NURS 6053 Leadership Theories in Practice Discussion

Healthcare organizations, just like any other, rely on leadership for their day-to-day running and success. Nurses need to have effective leadership skills when working in any environment so that they can influence the flow of activities to attain certain goals. Leaders exist at all levels of an organization both in formal and informal terms. The importance of leadership led to the development of several leadership theories based on traits of leaders, behavior or styles approaches to leadership, and contingency theories. Despite there being elaborate literature that describes these theories, real-world observation and experiences indicate that most of them are not always so easily found in practice. 

The behavioral or style approaches to leadership include authoritarian, democratic, person-oriented, and task-orientated styles of leadership. All these styles have their unique advantages and disadvantages. However, nurses often apply them selectively depending on different circumstances (Broome & Marshall, 2021). Whilst there exists a big difference between authoritarian and democratic leadership styles, snippets of each can be applied by nursing leaders to achieve personal or organizational goals. Person-oriented leaders are more inclined towards building good rapport and interpersonal relationships as well as showing support for subordinates, while task-orientated leaders are inclined towards role assignment and planning to ensure task completion and goal attainment.

The trait approach in evaluating leadership is the most practical theoretical understanding not only in nursing but also in other disciplines. One of the most widely accepted descriptions of personality is the Big Five Personality Traits Model that rates an individual according to openness to experience, conscientiousness, extraversion, agreeableness, and neuroticism. Research indicates that some of these traits determine leadership emergence. Thus, several traits that cut across personality characteristics and psychological attributes, can be used to distinguish leaders from non-leaders. Among the listed good attributes that tend to increase effective leadership amongst nurses include high emotional intelligence and transformational leadership behaviors, self-esteem, and integrity (Prezerakos, 2018). Since the workplace dynamic often presents with changing circumstances, it is important to identify the conditions under which different traits affect a leader’s performance, as well as whether a person emerges as a leader.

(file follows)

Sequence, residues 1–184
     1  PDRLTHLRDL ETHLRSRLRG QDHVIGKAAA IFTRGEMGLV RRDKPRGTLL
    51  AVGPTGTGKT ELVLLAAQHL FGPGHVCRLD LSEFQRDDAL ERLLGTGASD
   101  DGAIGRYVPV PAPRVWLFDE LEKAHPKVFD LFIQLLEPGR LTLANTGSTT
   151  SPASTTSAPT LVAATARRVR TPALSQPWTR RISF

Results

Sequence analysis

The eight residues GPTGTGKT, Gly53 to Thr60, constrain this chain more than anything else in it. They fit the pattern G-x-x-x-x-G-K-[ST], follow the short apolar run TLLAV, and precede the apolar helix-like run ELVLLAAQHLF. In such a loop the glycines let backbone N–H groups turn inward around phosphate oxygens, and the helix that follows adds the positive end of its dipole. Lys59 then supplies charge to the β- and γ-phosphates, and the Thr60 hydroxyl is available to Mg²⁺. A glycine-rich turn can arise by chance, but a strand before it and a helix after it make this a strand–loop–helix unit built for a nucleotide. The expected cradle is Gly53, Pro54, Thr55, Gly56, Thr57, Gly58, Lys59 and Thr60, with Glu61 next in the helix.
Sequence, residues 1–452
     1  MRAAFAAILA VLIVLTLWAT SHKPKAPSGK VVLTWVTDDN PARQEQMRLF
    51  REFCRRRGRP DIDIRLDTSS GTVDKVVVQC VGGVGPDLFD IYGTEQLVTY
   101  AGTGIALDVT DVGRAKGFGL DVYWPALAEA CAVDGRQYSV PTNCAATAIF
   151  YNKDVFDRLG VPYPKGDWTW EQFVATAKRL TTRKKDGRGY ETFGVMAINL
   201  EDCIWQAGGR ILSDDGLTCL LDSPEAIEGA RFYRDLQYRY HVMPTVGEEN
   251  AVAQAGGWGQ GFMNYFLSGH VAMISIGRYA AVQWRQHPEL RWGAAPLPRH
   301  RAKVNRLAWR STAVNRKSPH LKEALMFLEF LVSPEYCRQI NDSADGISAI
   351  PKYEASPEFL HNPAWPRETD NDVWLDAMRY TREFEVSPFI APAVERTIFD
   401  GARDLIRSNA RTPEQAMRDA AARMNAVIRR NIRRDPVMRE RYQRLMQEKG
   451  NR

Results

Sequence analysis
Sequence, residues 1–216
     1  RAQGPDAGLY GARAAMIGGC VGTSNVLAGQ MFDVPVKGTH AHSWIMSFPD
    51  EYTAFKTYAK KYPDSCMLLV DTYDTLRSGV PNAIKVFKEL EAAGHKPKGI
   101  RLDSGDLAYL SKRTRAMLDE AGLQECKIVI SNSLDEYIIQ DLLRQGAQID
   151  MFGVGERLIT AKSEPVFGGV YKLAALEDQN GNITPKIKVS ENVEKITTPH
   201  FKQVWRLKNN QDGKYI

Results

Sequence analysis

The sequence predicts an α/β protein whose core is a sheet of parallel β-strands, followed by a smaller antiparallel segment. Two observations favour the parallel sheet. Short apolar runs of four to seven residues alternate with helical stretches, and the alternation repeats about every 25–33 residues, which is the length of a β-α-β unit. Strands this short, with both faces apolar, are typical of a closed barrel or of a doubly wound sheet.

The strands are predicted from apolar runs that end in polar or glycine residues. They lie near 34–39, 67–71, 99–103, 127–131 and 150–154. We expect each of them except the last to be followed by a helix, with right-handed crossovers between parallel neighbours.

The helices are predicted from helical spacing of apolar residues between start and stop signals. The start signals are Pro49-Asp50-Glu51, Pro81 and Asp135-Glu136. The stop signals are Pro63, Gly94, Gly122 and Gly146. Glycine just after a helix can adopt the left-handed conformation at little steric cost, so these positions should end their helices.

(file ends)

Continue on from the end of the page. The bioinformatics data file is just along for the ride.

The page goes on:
The sources I selected for review had clear explanations with regards to leadership goals, key of which is the attainment of desired goals and outcomes. Emotional intelligence is essential for effective leadership since it involves understanding and communicating with people from diverse backgrounds in many different circumstances, and not overbearing on work results (Prezerakos (2018). Further, according to Duggan et al., (2015), good leadership entails having those at the helm being able to apply participatory decision-making and non-hierarchical collaboration, effective communication missions and visions and being supportive of quality improvements. Duggan et al. (2015) also mention that effective leaders have sufficient skills and experience to enable them to prioritize workforce development and influence other workers. Asamani, Naab, and Ofei (2016) established that while most nurse leaders use different leadership styles depending on circumstances, the majority prefer the supportive leadership style. 

Based on the above discussion, effective leaders are those that not only help in the attainment of organizational goals but also relate well with colleagues. In practice, there is never a clear-cut distinction as to which styles of leadership most nurses apply. Nurses who understand when or where to apply each of these leadership styles tend to perform better in terms of maintaining a cohesive working environment, improving nursing staff retention, and increasing the delivery of safe and effective care to patients. In my experience, I find nurses who have internal motivation, good social skills, and high emotional intelligence to have an easy time as managers in most hospital settings.


  • Asamani, J. A., Naab, F., & Ofei, A. M. A. (2016). Leadership styles in nursing management: implications for staff outcomes. Journal of Health Sciences6(1), 23-36.
  • Broome, M., & Marshall, E. S. (2021). Transformational leadership in nursing: From expert clinician to influential leader (3rd Ed.). New York, NY: Springer.
  • Duggan, K., Aisaka, K., Tabak, R. G., Smith, C., Erwin, P., & Brownson, R. C. (2015). Implementing administrative evidence-based practices: lessons from the field in six local health departments across the United States. BMC Health Services Research15(1), 1-9. DOI: 10.1186/s12913-015-0891-3.
  • Prezerakos, P. E. (2018). Nurse managers’ emotional intelligence and effective leadership: A review of the current evidence. The Open Nursing Journal12, 86-92.